Organisational learning The killer-whale organisation versus the shark organisation

The killer-whale organisation versus the shark organisation an image for organisational learning and culture

Some years ago my sons (then 3 and 4 years old) had their first visit to an aquarium. They went to uShaka Marine World in Durban, SA. Their mother also showed them the movie ‘Free Willy’ (You know the one with the Orca). Although, sadly, I could not join them on their trip I thoroughly capitalised on their enthusiasm. Believe you me, I think I watched one too many a youtube video on killer-whales.

Killer Whale of Organisation Learning

Killer Whale (Photo: Stock Exchange)

Let me share with you the gist of the metaphors and then I’ll list the differences from an organisational design perspective.

The shark is a highly efficient performance driven predator (or then, organisation). It is for this reason that the shark survived for millenia. Keep in mind though, as is relevant for this kind of ‘animal’ that the organisation is:

Sharks have certainly developed remarkable capabilities to find and catch its prey. But these capabilities, as well as the ability to reproduce and flourish, work best in a stable environment with no highly effective natural predators.

In stable environments shark organisations thrive on instinct. Can any predator really come close to a challenge?

Shark Organisation and organisational learning

Shark – uShaka marine world (Photo: Stock Exchange)

The killer-whale reflects the methods of a learning organisation.
What really strikes me with them is their, under mentioned, specific learning :

Their sophisticated hunting techniques and vocal behaviors, which are often specific to a particular group and passed across generations, have been described as manifestations of culture.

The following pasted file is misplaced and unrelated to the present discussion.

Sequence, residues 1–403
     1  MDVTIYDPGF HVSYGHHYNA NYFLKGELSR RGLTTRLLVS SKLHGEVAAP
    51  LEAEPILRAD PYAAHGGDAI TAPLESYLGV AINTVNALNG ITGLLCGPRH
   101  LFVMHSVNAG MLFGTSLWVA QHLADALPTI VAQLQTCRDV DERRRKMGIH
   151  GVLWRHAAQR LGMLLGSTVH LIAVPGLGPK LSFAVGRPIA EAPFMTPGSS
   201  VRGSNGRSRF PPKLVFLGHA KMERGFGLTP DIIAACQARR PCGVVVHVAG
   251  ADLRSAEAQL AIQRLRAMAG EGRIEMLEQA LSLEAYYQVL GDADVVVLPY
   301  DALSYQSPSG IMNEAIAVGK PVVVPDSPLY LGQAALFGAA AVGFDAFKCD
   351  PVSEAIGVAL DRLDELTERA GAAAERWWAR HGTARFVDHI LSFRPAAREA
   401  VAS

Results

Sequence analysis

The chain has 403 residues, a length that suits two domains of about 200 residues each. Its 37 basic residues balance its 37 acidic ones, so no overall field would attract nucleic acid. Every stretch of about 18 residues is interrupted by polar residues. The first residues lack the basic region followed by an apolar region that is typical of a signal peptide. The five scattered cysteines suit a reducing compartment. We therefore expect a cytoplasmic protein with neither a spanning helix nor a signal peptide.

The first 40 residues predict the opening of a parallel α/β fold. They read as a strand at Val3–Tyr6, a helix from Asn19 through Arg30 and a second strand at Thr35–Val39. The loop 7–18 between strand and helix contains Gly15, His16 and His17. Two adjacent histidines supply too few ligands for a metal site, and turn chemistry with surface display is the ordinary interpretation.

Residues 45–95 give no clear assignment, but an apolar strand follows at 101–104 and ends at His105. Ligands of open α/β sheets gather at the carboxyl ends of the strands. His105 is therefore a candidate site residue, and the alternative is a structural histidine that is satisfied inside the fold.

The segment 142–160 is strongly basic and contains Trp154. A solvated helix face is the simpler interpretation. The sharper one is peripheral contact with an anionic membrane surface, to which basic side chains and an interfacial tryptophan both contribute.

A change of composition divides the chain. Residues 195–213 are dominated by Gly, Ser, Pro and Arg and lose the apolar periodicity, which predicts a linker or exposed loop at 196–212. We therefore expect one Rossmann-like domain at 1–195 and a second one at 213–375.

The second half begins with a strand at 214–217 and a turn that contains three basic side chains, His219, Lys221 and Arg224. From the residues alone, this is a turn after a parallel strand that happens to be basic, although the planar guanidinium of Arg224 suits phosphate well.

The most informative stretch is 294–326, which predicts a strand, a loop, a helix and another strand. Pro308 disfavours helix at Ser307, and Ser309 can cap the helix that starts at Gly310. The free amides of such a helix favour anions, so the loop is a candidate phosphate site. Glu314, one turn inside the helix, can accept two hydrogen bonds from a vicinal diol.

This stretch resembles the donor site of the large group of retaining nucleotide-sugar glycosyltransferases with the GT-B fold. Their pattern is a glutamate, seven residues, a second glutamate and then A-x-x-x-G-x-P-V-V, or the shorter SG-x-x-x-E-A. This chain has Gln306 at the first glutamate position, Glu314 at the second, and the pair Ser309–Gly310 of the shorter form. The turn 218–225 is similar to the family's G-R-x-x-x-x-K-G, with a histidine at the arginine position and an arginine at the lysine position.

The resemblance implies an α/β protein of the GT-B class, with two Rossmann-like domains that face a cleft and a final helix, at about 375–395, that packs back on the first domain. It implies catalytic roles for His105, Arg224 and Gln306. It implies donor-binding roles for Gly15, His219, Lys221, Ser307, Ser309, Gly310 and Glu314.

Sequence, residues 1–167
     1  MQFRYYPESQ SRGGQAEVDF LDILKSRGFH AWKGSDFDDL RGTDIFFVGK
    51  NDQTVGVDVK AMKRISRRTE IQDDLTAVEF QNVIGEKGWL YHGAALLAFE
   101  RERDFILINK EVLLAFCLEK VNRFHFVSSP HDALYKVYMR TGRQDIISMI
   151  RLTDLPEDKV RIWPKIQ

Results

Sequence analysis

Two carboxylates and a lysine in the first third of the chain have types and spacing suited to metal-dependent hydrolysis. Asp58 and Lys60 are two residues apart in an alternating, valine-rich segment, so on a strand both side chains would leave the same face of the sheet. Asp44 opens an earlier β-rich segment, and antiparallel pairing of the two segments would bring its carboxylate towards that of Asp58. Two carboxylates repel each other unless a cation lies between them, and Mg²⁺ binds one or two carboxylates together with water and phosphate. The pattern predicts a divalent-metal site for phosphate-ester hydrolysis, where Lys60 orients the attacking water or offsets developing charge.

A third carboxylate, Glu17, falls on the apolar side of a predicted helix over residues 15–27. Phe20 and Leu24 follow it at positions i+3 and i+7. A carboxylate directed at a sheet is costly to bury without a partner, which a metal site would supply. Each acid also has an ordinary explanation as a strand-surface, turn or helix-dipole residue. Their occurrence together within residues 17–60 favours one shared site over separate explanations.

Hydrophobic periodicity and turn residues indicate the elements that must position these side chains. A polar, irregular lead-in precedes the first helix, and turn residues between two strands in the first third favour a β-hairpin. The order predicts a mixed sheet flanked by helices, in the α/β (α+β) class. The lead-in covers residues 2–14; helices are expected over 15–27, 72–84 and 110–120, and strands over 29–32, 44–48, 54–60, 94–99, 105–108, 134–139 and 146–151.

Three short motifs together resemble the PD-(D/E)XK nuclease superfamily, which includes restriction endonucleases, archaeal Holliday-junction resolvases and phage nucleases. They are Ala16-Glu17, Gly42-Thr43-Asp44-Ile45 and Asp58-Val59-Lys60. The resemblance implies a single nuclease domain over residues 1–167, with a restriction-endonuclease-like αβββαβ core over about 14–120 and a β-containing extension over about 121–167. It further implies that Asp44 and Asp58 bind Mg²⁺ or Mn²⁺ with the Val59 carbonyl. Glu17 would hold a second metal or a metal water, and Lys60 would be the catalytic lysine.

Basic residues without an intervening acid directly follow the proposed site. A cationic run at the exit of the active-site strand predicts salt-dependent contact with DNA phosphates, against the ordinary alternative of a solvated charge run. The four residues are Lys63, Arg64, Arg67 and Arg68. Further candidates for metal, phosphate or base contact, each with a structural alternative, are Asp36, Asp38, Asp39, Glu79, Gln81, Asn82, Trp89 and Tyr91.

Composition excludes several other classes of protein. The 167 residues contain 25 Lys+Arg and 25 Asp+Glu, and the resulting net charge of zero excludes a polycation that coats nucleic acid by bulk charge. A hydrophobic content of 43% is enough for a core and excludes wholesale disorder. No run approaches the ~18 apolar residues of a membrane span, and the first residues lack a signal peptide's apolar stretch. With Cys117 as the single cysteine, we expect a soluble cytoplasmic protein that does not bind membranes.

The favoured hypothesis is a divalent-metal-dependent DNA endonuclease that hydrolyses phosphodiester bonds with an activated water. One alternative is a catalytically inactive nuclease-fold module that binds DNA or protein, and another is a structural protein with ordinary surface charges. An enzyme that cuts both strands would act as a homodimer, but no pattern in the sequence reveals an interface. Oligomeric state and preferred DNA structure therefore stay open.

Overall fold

Killer-whale organisations thrive on their ability to learn, and let me emphasise, keep learning (thus necessitating an emphasis on cultural evolution)

Want to have a whale of a time?

Daft (2010:30-35) touches on five interconnected aspects of organisation design in comparing what I refer to as the shark-/ versus the killer-whale organisation. If you consider having a whale of a time (pun intended) you’ll have to consider moving from:

  1. Vertical to a horisontal structure
  2. Routine tasks to empowered roles
  3. Formal control systems to shared information
  4. Competitive to collaborative strategy
  5. Rigid to adaptive culture

Much easier said than done, isn’t it?! This is where people like me (and you reading) come in: facilitative-consultants, organisational coaches, corporate therapists, and narrative researchers (with regard to focus groups etcetera). God forbid this is something just to be announced or restructured on, and from, the leadership operation table. You’ll end up with something similar to Frankenstein, only, a ‘frankenfish.’ My natural inclination is to the killer-whale organisation. To me its no wonder that they are not just an apex predator but rightly the apex predator!

What is your take on this? Leave a comment.

For a bit of context you may want to watch this documentary on ‘When killer-whales attack.’

References
Daft, R.L. 2010, Organisation theory and design, 10th edn., Cengage learning, USA.

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